Takeaways From the Omnibus

05/09/2017 - Every year, Congress must pass bills that appropriate money for all discretionary government spending. (Mandatory funding like Medicare and Social Security are not included in this process)

One bill is passed for each sub-committee of the 12 subcommittees in the House Committee on Appropriations and the Senate Committee on Appropriations. This is why members of Congress on the Appropriations Committee are so important after a bill becomes law. They make sure there is money to fund the bill.

The Academy is most interested in Agriculture and Health and Human Services bills, which fund the majority of nutrition services and programs.

When Congress does not or cannot produce separate bills in a timely fashion, it combines the separate appropriations bills into one omnibus spending bill, which is what happened this week.

The fiscal year of the United States is the 12-month period beginning on October 1 and ending on September 30 of the next calendar year. When this date passes Congress passes an extension called a continuing resolution.

  • This year a bill was not passed to fund the government for the full year. A continuing resolution was passed to keep the government open and the conversation in Congress going, which was set to expire on March 5, 2017.
  • On March 4, 2017, Congress passed H.R. 244, the Consolidated Appropriations Act of 2017.

Key Takeaways

  • Overall the Academy's priorities fared well in the 2017 federal omnibus appropriations bill.
  • For our public health, diabetes and SCAN members-the Prevention and Public Health Fund was allocated to fund critical public health and wellness initiatives in states that work to address heart disease, stroke and diabetes, among other concerns.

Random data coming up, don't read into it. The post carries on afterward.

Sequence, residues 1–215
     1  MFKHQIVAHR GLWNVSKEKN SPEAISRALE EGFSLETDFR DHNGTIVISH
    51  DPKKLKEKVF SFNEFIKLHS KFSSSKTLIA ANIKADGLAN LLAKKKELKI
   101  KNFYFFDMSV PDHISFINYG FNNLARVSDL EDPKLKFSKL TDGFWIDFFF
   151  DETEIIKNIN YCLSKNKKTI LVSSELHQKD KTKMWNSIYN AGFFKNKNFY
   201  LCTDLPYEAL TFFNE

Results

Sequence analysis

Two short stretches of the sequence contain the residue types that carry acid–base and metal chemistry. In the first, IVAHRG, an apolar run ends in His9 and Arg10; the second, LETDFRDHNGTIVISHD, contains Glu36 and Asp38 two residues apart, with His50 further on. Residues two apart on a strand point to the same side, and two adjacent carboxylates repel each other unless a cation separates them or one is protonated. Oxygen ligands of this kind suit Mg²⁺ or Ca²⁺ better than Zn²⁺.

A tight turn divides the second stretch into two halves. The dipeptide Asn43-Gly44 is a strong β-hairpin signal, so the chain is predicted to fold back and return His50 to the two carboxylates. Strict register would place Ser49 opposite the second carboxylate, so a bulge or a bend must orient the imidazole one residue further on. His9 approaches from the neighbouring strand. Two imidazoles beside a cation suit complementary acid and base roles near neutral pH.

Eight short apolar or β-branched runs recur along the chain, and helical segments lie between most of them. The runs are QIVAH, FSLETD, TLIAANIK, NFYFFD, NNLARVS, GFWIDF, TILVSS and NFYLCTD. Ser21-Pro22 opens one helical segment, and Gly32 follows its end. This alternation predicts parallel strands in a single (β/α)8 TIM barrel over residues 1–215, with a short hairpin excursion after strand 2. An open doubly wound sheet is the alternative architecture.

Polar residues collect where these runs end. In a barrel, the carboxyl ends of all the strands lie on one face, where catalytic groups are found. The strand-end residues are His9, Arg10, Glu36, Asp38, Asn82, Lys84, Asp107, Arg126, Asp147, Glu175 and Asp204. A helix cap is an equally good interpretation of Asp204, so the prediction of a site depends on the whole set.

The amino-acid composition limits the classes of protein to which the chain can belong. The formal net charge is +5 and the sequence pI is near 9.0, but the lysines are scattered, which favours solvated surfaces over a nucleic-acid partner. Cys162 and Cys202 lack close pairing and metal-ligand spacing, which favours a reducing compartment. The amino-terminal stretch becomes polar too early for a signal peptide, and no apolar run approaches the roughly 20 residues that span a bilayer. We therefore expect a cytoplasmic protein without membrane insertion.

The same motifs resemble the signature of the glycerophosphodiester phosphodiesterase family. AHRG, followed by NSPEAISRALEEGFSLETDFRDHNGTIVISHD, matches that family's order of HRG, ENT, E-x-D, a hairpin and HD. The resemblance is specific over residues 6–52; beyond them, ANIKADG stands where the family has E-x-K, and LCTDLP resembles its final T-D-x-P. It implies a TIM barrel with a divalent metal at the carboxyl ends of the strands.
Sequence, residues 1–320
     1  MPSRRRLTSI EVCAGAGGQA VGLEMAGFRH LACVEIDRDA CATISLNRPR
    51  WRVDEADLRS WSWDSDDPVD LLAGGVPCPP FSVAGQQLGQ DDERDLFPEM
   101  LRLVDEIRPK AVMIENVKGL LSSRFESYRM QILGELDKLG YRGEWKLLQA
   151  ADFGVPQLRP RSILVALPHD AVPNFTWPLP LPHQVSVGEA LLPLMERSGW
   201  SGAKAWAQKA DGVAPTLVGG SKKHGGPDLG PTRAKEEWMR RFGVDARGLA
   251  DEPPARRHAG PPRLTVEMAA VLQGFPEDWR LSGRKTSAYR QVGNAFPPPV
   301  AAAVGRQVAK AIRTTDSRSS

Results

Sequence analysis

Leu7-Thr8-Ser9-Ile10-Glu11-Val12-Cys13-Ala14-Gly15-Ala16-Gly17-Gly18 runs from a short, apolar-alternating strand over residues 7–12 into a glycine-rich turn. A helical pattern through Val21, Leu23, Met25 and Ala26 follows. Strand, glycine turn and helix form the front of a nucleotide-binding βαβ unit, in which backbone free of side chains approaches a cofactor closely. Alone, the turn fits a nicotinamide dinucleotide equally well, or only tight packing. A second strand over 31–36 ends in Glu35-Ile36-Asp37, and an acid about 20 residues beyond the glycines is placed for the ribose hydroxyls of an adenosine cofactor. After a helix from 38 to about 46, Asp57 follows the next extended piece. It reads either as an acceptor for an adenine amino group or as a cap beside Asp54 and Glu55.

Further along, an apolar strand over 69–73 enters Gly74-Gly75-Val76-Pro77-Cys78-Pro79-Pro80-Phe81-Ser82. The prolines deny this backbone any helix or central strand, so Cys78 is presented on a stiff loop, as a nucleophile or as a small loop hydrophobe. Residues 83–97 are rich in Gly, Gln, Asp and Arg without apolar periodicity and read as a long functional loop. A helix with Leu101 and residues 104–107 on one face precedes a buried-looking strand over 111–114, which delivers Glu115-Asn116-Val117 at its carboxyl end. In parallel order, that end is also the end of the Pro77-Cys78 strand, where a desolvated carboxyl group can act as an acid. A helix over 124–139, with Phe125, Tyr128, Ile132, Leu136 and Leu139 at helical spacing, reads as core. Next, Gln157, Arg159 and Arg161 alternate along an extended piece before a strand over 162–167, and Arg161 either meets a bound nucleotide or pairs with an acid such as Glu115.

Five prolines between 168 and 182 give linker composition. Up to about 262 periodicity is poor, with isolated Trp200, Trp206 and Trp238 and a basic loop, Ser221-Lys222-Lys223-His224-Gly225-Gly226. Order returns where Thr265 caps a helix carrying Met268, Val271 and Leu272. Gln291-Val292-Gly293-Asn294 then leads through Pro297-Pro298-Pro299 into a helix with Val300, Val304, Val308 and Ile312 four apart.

• For our nutrition educators, there was an expected slight increase in SNAP-Ed funding.
  • For our members working with older adults, congregate and home delivered meals funding was increased.
  • For our school meals directors funding to purchase food service equipment, but a little less than last year.
  • For our researchers, both NIH (National Institute of Health) and NIFA (National Institute of Food and Agriculture) received increased funding.
    • At NIH, every Institute and Center received a funding increase to "continue investments in research that will save lives, lead to new drug and device development, reduce health care costs, and improve the lives of all Americans."

Agriculture, Rural Development and FDA

Key Provisions for Nutrition Services and Programs

  • The bill provides $2.63 billion for food and agriculture research programs, including the Agricultural Research Service and the National Institute of Food and Agriculture.
  • Child Nutrition Programs including School Meals programs are fully funded as a mandatory program.
  • $23 million for the summer EBT program, which is $2 million more than the House bill and the same as the 2016 enacted level.
  • School Nutrition Directors will have a decrease of $5 million dollars to a total of $25 million for the year for Kitchen Equipment grants and loans.
  • WIC funding is $6.35 billion, which will meet case loads.
  • $60 Million for breastfeeding peer counseling.
  • SNAP-Ed funding increased to $411 million.
  • Food safety outreach program for implementation of Food Safety Modernization Act is increased by $35.7 million.
  • Food for Peace program receives $1.6 billion and additional $300 million for famine relief.
  • Farm grants for veterans funded at $5 million.